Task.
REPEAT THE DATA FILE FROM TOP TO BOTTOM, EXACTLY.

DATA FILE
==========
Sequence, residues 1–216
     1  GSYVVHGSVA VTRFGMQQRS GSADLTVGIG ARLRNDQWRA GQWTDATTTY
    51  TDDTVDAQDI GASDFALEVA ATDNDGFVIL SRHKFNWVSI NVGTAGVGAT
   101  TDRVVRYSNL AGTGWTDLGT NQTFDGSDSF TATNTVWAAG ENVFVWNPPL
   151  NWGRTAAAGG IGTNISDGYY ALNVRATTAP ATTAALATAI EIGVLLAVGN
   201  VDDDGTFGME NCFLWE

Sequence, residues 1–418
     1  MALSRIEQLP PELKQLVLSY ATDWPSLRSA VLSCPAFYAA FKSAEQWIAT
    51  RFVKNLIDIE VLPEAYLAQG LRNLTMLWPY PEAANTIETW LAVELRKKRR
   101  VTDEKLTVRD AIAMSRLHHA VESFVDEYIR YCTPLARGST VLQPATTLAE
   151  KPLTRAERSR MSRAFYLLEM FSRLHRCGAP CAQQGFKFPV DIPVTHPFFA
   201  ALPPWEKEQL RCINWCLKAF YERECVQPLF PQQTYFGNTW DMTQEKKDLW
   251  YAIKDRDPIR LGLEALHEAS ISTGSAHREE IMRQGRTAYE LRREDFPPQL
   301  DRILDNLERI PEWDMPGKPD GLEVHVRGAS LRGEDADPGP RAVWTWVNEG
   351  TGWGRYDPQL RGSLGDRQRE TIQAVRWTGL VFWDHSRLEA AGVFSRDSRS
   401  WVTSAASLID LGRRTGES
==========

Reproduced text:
Sequence, residues 1–216
     1  GSYVVHGSVA VTRFGMQQRS GSADLTVGIG ARLRNDQWRA GQWTDATTTY
    51  TDDTVDAQDI GASDFALEVA ATDNDGFVIL SRHKFNWVSI NVGTAGVGAT
   101  TDRVVRYSNL AGTGWTDLGT NQTFDGSDSF TATNTVWAAG ENVFVWNPPL
   151  NWGRTAAAGG IGTNISDGYY ALNVRATTAP ATTAALATAI EIGVLLAVGN
   201  VDDDGTFGME NCFLWE

Sequence, residues 1–418
     1  MALSRIEQLP PELKQLVLSY ATDWPSLRSA VLSCPAFYAA FKSAEQWIAT
    51  RFVKNLIDIE VLPEAYLAQG LRNLTMLWPY PEAANTIETW LAVELRKKRR
   101  VTDEKLTVRD AIAMSRLHHA VESFVDEYIR YCTPLARGST VLQPATTLAE
   151  KPLTRAERSR MSRAFYLLEM FSRLHRCGAP CAQQGFKFPV DIPVTHPFFA
   201  ALPPWEKEQL RCINWCLKAF YERECVQPLF PQQTYFGNTW DMTQEKKDLW
   251  YAIKDRDPIR LGLEALHEAS ISTGSAHREE IMRQGRTAYE LRREDFPPQL
   301  DRILDNLERI PEWDMPGKPD GLEVHVRGAS LRGEDADPGP RAVWTWVNEG
   351  TGWGRYDPQL RGSLGDRQRE TIQAVRWTGL VFWDHSRLEA AGVFSRDSRS
   401  WVTSAASLID LGRRTGES